Stable Office

The Stable Office, according to John Hawks’ 1767 plans, featured two rooms for stables, one with four stalls and the other with six, as well as a “Coach House” and “Harness Room.” In a later description written in 1783, Mr. Hawks added that the Stable Office also included “Bedrooms for the servant employed in the stables and Lofts for hay or fodder etc.”

The Stable Office is the only remaining part of the original Palace complex. Both wings survived the 1798 fire that destroyed the main building of the Palace, but the Kitchen Office was demolished sometime in the early 19th century.

The Stable Office had many functions over the years. After the Civil War, it was used as a mission chapel and as a school for Christ Episcopal Church. In a memoir of North Carolina in the 1880s, John H. Wheeler noted that “the stables are still in a good state of preservation and are now used as school rooms.” The building was stuccoed in the 1870s, had its roof rebuilt at least once, and additions made in the rear. It was converted to residential use in the late 19th century and was an apartment house when the restoration of Tryon Palace began in the early 1950s.

Restoration on the Stable Office began in 1951. The 19th-century roof, rear additions and post-18th-century interiors were removed. When stucco was removed from the walls, about 75 percent of the original brickwork remained. False windows, which were part of the 18th-century design but which had been opened up in the 19th century, were bricked in again. Yellow brick pavers were laid for the floor, based on pavers found in archaeological digs. Original portions of the Stable Office include most of the exterior walls and the walls of the central passage. The wall separating the harness room from the stable was reconstructed.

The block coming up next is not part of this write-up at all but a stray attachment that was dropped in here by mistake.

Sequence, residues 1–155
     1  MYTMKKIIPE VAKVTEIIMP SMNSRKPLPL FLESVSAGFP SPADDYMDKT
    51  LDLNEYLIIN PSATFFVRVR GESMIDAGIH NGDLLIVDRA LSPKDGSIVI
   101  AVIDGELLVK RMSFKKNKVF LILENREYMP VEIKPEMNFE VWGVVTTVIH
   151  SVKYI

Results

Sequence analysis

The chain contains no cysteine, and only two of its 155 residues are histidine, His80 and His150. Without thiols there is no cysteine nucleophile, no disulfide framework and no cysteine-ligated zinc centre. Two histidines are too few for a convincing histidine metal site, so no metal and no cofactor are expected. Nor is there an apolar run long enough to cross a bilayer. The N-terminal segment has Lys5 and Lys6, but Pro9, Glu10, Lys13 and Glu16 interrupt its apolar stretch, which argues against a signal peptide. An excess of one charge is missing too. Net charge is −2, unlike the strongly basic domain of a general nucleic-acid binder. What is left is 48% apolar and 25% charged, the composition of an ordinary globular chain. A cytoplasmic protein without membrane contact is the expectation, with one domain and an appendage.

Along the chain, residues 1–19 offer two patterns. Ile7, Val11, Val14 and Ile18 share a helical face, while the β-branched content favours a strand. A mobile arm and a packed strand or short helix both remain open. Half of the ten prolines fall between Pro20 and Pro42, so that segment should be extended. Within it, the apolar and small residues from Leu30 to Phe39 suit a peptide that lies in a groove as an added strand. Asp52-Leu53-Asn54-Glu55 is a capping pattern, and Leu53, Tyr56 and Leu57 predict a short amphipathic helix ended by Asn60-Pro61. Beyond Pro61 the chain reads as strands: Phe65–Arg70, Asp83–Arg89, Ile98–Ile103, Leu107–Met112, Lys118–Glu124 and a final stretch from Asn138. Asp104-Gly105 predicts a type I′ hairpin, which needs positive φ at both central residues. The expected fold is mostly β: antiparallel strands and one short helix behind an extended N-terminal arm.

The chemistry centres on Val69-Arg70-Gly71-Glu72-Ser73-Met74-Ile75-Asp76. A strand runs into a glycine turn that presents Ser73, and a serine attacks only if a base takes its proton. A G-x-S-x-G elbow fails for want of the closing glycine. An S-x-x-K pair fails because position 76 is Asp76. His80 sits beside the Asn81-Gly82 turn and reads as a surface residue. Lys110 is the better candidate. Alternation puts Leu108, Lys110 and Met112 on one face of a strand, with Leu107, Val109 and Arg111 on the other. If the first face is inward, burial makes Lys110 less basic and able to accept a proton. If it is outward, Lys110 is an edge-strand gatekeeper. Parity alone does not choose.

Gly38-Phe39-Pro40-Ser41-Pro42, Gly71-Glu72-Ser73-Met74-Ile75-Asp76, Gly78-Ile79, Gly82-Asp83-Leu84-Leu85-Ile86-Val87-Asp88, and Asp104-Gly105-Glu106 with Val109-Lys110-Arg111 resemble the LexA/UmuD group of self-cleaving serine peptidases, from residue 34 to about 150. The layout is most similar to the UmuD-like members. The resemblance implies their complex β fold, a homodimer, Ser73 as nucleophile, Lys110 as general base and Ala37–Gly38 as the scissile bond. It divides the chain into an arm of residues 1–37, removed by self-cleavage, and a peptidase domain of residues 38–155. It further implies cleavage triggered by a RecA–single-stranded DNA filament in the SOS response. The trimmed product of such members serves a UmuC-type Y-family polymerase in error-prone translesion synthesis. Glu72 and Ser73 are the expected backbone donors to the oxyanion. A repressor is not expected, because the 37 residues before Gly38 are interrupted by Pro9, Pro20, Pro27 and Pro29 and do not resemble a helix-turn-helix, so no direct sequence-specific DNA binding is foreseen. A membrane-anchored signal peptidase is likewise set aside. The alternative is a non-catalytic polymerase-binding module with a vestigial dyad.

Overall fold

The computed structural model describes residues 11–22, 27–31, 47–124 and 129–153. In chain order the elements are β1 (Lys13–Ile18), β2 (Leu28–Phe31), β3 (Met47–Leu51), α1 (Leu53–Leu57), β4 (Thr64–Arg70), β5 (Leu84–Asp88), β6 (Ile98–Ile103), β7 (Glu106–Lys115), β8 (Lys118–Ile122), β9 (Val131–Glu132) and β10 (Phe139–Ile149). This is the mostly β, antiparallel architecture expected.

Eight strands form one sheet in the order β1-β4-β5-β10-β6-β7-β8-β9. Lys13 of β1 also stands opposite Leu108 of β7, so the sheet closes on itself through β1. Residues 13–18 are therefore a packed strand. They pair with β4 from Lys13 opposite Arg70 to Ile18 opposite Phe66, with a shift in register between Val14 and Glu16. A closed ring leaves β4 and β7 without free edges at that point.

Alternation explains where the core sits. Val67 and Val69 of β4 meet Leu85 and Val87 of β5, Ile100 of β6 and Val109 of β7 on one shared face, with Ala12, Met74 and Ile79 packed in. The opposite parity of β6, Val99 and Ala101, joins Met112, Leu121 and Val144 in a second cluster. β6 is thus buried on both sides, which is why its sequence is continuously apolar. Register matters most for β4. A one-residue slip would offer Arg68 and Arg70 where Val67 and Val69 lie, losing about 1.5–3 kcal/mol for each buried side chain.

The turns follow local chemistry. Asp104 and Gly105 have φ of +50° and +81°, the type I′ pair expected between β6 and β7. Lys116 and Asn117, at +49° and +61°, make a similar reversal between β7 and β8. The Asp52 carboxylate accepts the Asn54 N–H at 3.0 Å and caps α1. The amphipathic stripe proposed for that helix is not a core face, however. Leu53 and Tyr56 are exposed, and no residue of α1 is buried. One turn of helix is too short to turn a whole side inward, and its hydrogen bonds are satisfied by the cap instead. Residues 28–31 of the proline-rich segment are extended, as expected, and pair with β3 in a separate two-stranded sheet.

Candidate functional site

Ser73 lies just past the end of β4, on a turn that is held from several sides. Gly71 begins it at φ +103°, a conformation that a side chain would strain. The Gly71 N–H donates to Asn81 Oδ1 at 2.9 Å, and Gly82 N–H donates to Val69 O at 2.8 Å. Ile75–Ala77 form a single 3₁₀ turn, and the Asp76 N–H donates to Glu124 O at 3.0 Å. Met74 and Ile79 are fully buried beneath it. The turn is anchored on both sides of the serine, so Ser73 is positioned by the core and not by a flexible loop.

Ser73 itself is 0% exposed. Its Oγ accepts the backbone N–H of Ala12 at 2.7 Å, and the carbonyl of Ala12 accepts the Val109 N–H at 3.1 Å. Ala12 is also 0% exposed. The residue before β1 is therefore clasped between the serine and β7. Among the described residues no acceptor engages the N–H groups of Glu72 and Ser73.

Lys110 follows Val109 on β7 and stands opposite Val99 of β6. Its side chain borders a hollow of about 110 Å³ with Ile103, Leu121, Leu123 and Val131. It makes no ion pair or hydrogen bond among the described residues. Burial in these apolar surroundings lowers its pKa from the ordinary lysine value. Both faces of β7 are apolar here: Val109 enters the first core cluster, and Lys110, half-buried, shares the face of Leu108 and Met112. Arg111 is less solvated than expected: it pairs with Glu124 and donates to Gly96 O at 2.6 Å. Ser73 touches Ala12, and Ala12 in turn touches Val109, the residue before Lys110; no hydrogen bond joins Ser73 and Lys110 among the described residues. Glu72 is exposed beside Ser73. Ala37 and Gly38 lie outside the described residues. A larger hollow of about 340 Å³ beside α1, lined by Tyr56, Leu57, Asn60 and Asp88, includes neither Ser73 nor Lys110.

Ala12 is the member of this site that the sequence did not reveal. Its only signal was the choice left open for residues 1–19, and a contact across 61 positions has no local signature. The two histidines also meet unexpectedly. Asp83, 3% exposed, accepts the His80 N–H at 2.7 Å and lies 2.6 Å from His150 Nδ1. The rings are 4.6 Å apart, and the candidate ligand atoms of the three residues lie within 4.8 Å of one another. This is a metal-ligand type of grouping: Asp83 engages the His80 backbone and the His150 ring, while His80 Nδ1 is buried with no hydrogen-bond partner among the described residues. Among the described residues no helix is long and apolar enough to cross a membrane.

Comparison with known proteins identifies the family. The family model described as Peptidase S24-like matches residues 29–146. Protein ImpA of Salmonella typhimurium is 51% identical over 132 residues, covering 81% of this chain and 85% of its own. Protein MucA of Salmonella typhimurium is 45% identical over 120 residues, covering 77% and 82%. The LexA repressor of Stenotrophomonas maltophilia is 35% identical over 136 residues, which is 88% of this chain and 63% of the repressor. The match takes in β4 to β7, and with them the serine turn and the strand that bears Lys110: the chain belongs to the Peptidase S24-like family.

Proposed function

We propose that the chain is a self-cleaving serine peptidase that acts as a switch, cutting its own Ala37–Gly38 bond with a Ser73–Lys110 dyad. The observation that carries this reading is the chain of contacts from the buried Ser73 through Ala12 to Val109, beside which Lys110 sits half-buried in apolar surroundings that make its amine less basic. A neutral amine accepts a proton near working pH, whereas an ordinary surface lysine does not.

Servants at the Palace

Piecing together a list of the servants who worked for the Tryons in the Palace (1770-1771) is a historical scavenger hunt that spans across time and distance.

In 1765, before arriving at the Palace, Governor Tryon wrote a letter that mentioned seven servants at his home in Brunswick, North Carolina:

my trusty servant George
Pierre LeBlanc, cusinier [cook]
the lad we took from Norfolk
a sailor I have made my groom
a little French boy I got here
the girl we took from my farm
Turner, the farmer

However, Tryon did not mention two employees who had  traveled across the Atlantic with him and his family. Patty Hatch, who kept house for the Tryons, and lady’s maid Ann Patterson are cited in period documents as having been staff since 1764.

By 1769 the Tryon household in Brunswick County included eight male and two female African American slaves. We know the names of only two slaves: Tom and Surry. Surry is listed in a 1777 runaway ad in a New Bern newspaper as being “formerly the Property of Governor Tryon, now belongs to the Estate of Isaac Edwards, deceased.”

Gov. Tryon bought Tom from James Murray in 1766. Murray wrote to the governor on May 5, 1766, stating that he had received payment for “the negro man Tom which I sold your Excellency.” On May 31, Murray sent a “Bill of Sale for Tom, who I rejoice to hear makes a good servant to so good a master.” 

The Tryons left North Carolina in 1771, when Governor Tryon was appointed Governor of the Colony of New York. Their New York home at Fort George was destroyed by fire in 1773, and from documentation following the fire we know of twelve people then in their employ. 

Housekeeper: Mrs. Patty Hatch
Steward: Malcolm McIsaac
Secretary: Colonel Fanning
Two servants of Colonel Fanning
Maids: Elizabeth Garrett, Elizabeth Laycock, Elizabeth Dudley
Lady’s maid: Mrs. Ann Patterson
Footman: Moses Marden
Servant: Isaac Dupuy
Slave: Tom

Colonel Edmund Fanning (1739-1818) was a Loyalist and New York native who, as a civil servant in Hillsborough, had ignited the ire of the Regulators, who accused him of extortion. After Governor Tryon put down the Regulator rebellion, Fanning served as his personal secretary until the Revolution. The slave Tom may be the same Tom mentioned in Murray’s 1766 letter. There is no further record of a Tom working for the Tryons after 1773.